Phones at the Hotline County Connection Center facility in Lamar have rung more than 1 million times since it first opened up its doors five years ago.
“The calls have trended up over time,” said Minna Castillo Cohen, director of the Office of Children, Youth and Families at Colorado Department of Human Services. “What we believe is that it’s attributed to more people understanding how to recognize the signs of child abuse and neglect and what it shows us is that more families are able to get the support they need to be able to address those concerns.”
The hotline number, 844-CO-4-KIDS, should be called when someone has a concern about child abuse or neglect, she said, adding that someone can call any hour of any day, including holidays.
“What we share with people is anytime they have a concern about a child, you don’t have to make a determination whether it’s child abuse or neglect,” Cohen said. “You don’t have to have that expertise. You just need to make that call to the hotline and let the folks on the other end of the line make that decision about what’s going on in that child’s life and they will make that determination.”
Cohen said it’s a myth that kids are always removed from a home when there’s a concern.
“We know that children and families do best when they can be together and receive the services together,” she said. “We really don’t remove kids from their homes unless there’s truly a safety issue. In fact, in 70 percent of child welfare cases, the child or the teen is able to stay safely in their home while the family receives the services.”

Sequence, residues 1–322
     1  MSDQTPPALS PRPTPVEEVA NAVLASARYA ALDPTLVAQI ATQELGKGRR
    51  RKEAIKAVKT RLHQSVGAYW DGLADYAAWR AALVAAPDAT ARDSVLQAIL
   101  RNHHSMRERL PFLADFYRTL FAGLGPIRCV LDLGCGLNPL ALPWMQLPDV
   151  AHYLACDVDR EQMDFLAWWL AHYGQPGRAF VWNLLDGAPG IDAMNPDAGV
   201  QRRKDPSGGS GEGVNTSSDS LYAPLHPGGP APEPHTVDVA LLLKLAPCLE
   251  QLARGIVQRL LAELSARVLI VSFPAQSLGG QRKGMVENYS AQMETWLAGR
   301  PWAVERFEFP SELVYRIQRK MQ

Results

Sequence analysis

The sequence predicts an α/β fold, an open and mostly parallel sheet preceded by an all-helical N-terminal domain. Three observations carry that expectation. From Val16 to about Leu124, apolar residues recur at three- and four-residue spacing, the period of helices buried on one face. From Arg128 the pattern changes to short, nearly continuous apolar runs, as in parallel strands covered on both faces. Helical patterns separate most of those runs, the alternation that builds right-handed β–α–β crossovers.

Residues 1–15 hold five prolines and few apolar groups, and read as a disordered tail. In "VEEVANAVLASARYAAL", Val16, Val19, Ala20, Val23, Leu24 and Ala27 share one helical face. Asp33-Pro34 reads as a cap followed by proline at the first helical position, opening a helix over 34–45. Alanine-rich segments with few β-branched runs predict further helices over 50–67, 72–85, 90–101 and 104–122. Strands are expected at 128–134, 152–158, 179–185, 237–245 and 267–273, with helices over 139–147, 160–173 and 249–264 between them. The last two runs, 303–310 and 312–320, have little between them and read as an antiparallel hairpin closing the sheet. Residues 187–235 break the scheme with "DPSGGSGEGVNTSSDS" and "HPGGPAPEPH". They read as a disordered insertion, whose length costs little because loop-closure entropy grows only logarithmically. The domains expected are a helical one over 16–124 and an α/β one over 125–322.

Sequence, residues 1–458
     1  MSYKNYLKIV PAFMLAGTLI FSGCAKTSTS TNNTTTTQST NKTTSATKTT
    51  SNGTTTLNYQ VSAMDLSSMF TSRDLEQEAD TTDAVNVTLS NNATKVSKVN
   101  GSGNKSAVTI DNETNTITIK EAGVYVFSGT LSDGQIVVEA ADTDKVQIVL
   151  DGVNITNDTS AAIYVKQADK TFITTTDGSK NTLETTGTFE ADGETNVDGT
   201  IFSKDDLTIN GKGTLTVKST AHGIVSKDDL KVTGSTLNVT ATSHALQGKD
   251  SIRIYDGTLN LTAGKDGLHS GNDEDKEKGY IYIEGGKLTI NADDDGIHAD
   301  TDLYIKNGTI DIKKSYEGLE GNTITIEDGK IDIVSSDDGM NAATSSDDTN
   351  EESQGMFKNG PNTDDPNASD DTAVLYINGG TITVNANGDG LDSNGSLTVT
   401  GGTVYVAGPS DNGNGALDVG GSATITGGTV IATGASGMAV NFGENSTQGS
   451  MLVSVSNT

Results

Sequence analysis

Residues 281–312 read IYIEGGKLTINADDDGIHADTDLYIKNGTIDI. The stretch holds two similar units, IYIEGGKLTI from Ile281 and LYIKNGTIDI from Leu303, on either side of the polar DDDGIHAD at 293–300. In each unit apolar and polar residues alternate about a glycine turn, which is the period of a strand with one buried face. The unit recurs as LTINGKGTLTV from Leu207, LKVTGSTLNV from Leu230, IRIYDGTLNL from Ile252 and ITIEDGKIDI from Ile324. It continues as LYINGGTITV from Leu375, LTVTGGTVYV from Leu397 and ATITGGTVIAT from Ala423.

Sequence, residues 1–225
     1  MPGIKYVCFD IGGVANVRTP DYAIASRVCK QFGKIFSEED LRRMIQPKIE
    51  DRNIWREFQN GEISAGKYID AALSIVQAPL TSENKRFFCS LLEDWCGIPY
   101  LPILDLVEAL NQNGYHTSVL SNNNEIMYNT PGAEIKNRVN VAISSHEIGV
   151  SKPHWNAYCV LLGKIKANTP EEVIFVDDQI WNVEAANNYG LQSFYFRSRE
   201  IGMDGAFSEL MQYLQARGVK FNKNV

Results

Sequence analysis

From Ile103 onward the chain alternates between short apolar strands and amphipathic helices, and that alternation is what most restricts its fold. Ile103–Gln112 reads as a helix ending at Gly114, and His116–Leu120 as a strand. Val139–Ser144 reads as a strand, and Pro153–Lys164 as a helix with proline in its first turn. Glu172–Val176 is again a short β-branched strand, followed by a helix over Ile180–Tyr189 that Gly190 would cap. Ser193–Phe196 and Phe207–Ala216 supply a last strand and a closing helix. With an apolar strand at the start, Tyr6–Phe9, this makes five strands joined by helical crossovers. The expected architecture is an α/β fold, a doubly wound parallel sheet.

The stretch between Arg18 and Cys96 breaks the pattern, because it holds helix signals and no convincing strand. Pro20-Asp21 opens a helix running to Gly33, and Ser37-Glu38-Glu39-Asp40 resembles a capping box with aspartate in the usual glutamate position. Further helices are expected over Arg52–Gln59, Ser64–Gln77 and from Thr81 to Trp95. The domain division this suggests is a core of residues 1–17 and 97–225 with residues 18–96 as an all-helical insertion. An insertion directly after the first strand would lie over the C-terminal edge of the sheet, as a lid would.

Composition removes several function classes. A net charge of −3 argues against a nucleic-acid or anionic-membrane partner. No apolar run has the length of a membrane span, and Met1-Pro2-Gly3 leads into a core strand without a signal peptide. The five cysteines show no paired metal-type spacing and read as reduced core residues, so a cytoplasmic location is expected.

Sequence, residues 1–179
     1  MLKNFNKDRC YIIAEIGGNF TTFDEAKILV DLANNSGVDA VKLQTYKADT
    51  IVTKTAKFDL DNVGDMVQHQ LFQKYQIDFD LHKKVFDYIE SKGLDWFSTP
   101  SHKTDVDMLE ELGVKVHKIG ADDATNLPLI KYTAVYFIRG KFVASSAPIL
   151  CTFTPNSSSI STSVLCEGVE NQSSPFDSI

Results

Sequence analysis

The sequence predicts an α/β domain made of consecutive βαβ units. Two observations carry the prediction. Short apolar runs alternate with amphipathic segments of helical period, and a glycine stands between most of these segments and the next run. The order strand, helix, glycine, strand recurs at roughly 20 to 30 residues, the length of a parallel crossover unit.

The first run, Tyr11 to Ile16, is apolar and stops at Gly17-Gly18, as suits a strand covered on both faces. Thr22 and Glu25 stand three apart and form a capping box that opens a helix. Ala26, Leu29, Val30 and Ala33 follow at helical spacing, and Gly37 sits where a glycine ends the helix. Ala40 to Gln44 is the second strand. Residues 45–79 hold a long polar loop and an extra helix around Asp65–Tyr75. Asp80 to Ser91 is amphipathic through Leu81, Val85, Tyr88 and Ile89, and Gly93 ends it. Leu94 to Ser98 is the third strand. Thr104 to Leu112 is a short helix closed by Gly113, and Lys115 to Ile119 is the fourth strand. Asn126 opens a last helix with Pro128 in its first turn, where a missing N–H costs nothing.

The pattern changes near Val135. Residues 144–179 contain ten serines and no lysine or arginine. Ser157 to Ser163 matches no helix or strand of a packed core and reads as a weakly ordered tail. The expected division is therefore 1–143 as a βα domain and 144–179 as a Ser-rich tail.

Before the center opened up in Lamar, calls were taken by various counties across the state.
“There was a recognition that by having one centralized number, it would make it easier for people to remember the number when they saw something and it would help us really look at the data behind how many calls were coming in, what were the trends we were seeing at a statewide level and really help support the counties who weren’t having to take those calls on their own and perhaps who didn’t have the capacity to do that,” Cohen said. “With the hotline, that created an opportunity that no matter where the person is calling from or what time of day that it is that there’s always someone available to take those calls.”
The Hotline County Connection Center is in Lamar because no other counties were able to present their bid before the deadline, said Ron Trowbridge, manager of the HCCC.
“I have to hand it to our commissioner, Wendy Buxton-Andrade, and Lanie Meyers-Mireles, the director of human services in Prowers County who worked very hard to get figures put together and get a good proposal sent off to the state in a very short time frame,” he said.
Trowbridge said his employees stay busy.
“The phones are generally ringing all the time,” Trowbridge said. “It’s not at all unusual for not only all of the call takers to be on the phone, but almost every day the two supervisors have to jump on the phone and I have to jump on the phone and we are all taking reports.”
The facility started off in January 2015 with nine call takers and two supervisors, he said.
“As we’ve grown, we started adding people to suit our needs, so right now we are up to 25 call takers,” Trowbridge said.
Visit www.co4kids.org, the hotline’s website, to learn more about the signs of child abuse and neglect.